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Mercedes-Benz C-Class sedan, wagon, coupe and convertible 2021 price and specs

John Law

The Mercedes-Benz C-Class continues to be one of the most popular luxury vehicles in Australia. Offered in sedan, station wagon, coupe and convertible forms, it is the entry point to a rear-wheel-drive Mercedes-Benz.

The Mercedes-Benz C-Class continues to be a popular competitor in the mid-size executive car segment, despite fresher faces like the G20 BMW 3 Series, the facelifted Audi A4 range, and the new Genesis G70 cropping up. Last updated in early 2019, the C-Class has slowly climbed in price over the last 18 months. A full list of prices, covering the substantial C-Class range, appears at the end of this article.

The latest round of price changes may reflect the last updates to the current W205-generation C-Class in Australia before the new ‘W206‘ version is unveiled in early 2021.

Mercedes-Benz has brought the popular entry-level C200 up in price just a whisker, with the 2020 model year car starting from $66,300 ($72,643 driveaway), which represents a $1,800 increase. For September this year, Mercedes-Benz also chose to drop the sole diesel C220 d from the range entirely.

Mercedes-Benz C-Class 2021 C63 range
The C-Class range takes in (L-R) convertible, sedan, station wagon and coupe form factors. Seen here is the AMG C63 S lineup.

This transpires to be a move that brings the Stuttgart luxury brand into line with the Audi A4 in not offering a diesel in their mid-size estate. Otherwise, the range remains mostly the same, with the choice of traditional four-door Sedan, Wagon and smart two-door Convertible and Coupe retained. 

For $66,300, the base model C200 Sedan is powered by a two-litre turbocharged four-cylinder punching out 150kW and 300Nm attached to a nine-speed torque-converter automatic shared with the rest of the range.

Inside, you get Artico-upholstered seats – artificial leather in other words – with electric assist for the driver, Nappa leather-appointed steering wheel, 10.25-inch display with a touchpad interface, sat-nav, a configurable digital driver’s display, ambient lighting and five drive modes.

Mercedes-Benz C-Class 2021 C300e grey profile
The C-Class cuts an elegant figure.

A more powerful tune of the two-litre ‘four powers the C300 – the range now skips the C220 d. Outputs in the C300 climb to 190kW/370Nm, the wheels also grow in size to 19-inches and an extra exhaust tip appears.

The C300 starts from $74,700 ($81,463 driveaway), and the extra asking price sees a genuine leather-appointed interior, standard driving assist, rear privacy glass and dual electronically adjustable front seats with lumbar support.

Topping out the Benz C-Class range is the plug-in C300 e from $84,000 ($92,023 driveaway), which is only available as a Sedan. It adds goodies like an Avantgarde styling package, keyless go, parking assistance, power tailgate and tyre pressure monitoring system.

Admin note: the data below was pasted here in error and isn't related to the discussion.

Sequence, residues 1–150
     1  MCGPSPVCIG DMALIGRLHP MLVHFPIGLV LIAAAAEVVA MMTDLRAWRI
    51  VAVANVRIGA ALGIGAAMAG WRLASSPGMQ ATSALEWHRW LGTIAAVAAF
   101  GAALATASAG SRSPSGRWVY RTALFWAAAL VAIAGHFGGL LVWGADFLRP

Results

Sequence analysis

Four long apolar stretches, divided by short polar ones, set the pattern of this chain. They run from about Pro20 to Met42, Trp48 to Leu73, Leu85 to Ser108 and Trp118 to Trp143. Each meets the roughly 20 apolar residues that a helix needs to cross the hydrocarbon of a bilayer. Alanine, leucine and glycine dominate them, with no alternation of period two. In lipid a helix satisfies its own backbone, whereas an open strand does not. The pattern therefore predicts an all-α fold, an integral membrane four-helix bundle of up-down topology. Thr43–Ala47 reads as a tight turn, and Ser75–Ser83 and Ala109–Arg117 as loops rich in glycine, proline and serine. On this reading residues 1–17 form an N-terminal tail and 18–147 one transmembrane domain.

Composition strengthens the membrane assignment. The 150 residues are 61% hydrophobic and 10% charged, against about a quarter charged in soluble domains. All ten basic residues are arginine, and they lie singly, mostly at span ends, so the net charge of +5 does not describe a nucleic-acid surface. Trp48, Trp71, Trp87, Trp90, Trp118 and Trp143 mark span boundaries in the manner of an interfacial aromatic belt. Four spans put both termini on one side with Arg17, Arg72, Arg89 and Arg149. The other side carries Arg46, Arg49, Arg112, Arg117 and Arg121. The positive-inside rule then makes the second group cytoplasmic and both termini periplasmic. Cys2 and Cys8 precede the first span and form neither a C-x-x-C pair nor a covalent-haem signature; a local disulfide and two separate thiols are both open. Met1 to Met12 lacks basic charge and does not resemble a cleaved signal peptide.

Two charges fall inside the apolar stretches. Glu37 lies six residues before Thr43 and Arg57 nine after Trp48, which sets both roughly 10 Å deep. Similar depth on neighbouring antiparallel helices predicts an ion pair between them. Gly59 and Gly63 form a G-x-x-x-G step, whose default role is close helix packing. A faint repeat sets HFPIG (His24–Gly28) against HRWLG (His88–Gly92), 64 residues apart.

Mercedes-Benz C-Class 2021 C63 interior
The C-Class interior is more ornate than most of this car’s rivals.

Inside, there’s more interior connectivity with over-the-air updates and Mercedes Connect services, dual USB ports for the rear passengers and air suspension. 

But the big news for this variant is the combination of a four-cylinder petrol engine with an electric motor, for combined outputs of 235kW and 700Nm. That means two things, a snappy sprint to 100km/h of just 5.1 seconds, and a claimed fuel consumption of 2.1L/100km. On a full charge, the C300 e Sedan will make it about 50km on EV power alone.

Moving on to the more focused C-Class AMG variants, the AMG C43 is available in all four body styles again. A three-litre V6 with two turbochargers makes 287kW and 520Nm, it’s only marginally faster to 100km/h that the PHEV at 4.7 seconds, but its legs are only just starting to limber up at that point.

Mercedes-Benz C-Class 2021 C63 Estate silver
The two fast load-luggers of the range – the C43 and C63 wagons – are our favourites.

AMG has fiddled with the suspension, so the AMG is lower, meaner and sharper to drive, without being as stiff as the full-fat AMG C63 S. An AMG interior package complements the meaner, bulging exterior appearance, with a set of 19-inch alloy wheels to finish off the $111,935 ($122,435 driveaway) package.

Finally, the fire-breathing C63 S AMG which builds further on the menace visually with further flared guards, motorsports-inspired 19-inch light-alloy wheels and red brake callipers. The menace is physical, too, with a barnstorming twin-turbo V8 providing 375kW of power, 700Nm of torque and an aggro soundtrack.

2021 Mercedes-Benz C-Class: prices in Australia

All prices are before on-road costs.

  • C200 Sedan – $66,300 (up $1,800)
  • C200 Wagon – $68,800 (up $1,877)
  • C200 Coupe – $71,200 (up $2,000)
  • C200 Convertible – $94,100 (up $4,258)
  • C300 Sedan – $74,700 (up $2,000)
  • C300 Wagon – $77,400 (up $2,258)
  • C300 Coupe – $89,200 (up $2,400)
  • C300 Convertible – $112,300 (up $8,558)
  • C300 e Sedan – $84,000 (up $4,800)
  • AMG C43 Sedan – $111,935 (up $2,194)
  • AMG C43 Wagon – $114,535 (up $2,293)
  • AMG C43 Coupe – $116,136 (up $2,295)
  • AMG C43 Convertible – $137,400 (up $10,359)
  • AMG C63 S Sedan – $165,836 (up $3,294)
  • AMG C63 S Wagon – $168,536 (up $3,394)
  • AMG C63 S Coupe – $171,036 (up $3,394)
  • AMG C63 S Convertible – $194,400 (up $8,059)
Mercedes-Benz C-Class 2021 C300e rear end
Pictured: the C300 e plug-in hybrid.